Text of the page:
Making music. Is it art or is it magic? Certain performances/collected works/bands/songs hit the notes of magic. Profound, mysterious, other-worldly. Running Dry and Helpless, by Neil Young, have always aroused the hairs on the back of my neck, invoking a sense of longing that exceeds the flaccid emotion of most pop songs. Moonlight Mile, by the Stones, transports me to a different, shimmering, druggy world. When I hear Billie Holiday’s recording of Pennies From Heaven I hear a voice that is a true musical instrument, like she’s being played by an unseen hand. Bach’s Brandenburg Concertos warps me to the 17th century, at the intersection of music, math and creativity.
Ry Cooder’s cover of the Blind Willie Johnson instrumental, Dark Is The Night, gets me every time. When I first heard it, I thought, this is why you learn to play guitar. Emotional. Profound. Moving. Perfect. Is it the simplicity, the complexity or the utter mastery of the guitar strings that creates my sense of wonder?
Every band or project of Ry’s is bit of magic—Sticky Finger-era Stones, Early Captain Beefheart, Paris Texas soundtrack, the collaborations with musicians of Cuba, Africa, India, Mexico, the American south and folk and blues. If you’re a fan of Ry, you’re a fan of musical history, politics, anthropology and the connection we have with each other. Seeing him play live or being interviewed, he seems to be a regular dude.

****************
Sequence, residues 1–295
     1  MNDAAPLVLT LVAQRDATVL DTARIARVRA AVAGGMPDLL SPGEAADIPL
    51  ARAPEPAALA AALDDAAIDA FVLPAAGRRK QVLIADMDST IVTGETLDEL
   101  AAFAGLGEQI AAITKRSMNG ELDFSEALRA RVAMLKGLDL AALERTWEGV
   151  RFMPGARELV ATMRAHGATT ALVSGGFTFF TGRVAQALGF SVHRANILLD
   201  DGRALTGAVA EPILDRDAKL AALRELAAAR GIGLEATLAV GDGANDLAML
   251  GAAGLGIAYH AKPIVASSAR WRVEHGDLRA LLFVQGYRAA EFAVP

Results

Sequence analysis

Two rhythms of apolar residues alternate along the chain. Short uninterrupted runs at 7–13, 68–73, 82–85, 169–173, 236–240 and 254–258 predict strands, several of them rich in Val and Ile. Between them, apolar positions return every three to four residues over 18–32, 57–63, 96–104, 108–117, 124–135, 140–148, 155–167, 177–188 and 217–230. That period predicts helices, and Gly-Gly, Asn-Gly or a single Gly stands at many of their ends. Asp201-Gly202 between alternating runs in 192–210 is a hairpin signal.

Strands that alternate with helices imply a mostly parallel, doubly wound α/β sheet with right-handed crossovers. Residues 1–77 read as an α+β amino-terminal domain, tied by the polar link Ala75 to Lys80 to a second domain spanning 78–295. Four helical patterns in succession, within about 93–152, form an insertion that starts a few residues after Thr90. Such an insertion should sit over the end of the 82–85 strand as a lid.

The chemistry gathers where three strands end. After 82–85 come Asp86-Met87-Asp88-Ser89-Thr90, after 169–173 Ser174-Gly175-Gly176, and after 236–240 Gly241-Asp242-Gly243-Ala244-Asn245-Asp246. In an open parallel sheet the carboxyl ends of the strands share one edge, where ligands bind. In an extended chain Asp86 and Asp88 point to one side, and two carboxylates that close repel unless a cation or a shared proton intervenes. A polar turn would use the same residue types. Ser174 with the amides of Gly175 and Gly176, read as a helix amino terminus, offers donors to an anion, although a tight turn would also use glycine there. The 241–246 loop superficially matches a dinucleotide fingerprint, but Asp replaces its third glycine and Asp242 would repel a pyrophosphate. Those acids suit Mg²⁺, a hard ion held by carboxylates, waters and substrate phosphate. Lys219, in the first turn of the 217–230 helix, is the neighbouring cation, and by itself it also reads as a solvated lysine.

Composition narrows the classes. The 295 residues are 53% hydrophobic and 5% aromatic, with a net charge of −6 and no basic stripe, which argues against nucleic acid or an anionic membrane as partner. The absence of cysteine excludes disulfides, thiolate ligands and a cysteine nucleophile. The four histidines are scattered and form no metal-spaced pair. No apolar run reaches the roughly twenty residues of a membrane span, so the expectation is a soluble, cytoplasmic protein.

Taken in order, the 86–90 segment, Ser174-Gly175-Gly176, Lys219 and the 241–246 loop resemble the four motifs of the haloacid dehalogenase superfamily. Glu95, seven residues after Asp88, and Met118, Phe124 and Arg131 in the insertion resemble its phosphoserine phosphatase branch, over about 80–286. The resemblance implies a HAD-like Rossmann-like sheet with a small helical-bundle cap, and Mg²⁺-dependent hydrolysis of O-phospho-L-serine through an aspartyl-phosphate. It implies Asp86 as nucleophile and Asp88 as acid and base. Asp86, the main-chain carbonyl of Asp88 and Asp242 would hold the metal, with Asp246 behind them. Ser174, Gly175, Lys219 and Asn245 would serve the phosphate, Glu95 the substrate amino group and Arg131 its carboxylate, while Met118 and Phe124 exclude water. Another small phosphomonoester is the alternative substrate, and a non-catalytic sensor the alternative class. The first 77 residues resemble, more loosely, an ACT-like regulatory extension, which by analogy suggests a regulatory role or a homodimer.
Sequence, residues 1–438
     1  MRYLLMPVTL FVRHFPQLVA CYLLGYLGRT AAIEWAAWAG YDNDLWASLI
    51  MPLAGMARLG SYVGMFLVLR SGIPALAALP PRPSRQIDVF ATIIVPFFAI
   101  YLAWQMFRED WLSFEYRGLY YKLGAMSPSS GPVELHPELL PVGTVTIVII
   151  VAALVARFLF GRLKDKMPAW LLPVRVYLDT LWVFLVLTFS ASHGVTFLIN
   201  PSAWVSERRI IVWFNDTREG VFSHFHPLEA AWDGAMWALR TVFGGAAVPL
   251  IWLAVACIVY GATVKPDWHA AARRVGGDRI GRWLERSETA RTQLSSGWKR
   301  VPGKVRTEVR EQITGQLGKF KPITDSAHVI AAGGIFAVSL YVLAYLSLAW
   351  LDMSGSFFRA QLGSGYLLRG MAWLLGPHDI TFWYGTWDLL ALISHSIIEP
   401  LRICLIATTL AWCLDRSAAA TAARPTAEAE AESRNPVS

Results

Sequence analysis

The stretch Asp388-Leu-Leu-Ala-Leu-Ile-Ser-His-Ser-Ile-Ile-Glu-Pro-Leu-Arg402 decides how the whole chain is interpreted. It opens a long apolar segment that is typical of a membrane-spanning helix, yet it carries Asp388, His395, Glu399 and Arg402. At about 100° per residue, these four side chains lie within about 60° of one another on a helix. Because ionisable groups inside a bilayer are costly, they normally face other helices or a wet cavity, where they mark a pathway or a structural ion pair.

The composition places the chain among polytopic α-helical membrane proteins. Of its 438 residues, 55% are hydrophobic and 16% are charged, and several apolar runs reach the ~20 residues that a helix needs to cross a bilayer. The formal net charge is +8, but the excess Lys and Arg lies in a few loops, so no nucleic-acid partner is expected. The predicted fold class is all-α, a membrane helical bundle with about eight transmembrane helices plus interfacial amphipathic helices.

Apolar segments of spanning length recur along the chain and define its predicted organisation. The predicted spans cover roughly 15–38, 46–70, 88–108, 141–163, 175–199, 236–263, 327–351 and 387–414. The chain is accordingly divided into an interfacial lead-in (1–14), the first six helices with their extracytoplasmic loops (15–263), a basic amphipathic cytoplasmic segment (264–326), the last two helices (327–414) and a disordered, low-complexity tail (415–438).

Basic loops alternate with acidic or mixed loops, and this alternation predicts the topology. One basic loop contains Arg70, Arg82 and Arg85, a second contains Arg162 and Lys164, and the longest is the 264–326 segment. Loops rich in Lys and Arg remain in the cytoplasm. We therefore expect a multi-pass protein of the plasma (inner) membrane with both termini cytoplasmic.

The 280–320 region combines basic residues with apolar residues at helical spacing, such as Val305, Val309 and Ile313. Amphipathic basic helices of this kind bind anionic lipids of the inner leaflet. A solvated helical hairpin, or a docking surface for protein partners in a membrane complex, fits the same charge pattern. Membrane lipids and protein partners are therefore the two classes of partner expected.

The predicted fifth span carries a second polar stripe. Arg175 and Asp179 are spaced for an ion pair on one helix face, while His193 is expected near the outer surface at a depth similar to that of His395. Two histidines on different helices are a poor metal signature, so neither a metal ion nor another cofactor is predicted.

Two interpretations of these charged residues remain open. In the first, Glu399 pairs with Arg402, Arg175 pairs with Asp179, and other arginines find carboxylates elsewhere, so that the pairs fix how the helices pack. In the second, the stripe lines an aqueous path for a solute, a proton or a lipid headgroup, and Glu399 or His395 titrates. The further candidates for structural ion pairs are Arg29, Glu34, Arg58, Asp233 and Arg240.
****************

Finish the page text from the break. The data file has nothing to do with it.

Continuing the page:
The pathway that led me toward Ry Cooder began when my Dad put Green Door on the turntable, sometime in the early 1950s. I noticed how enthused my father was. He dug the beat. Pop music was on the cusp of rocking. I felt it, too. Then Elvis came, and my life—American life—was never the same. Music has shaped me.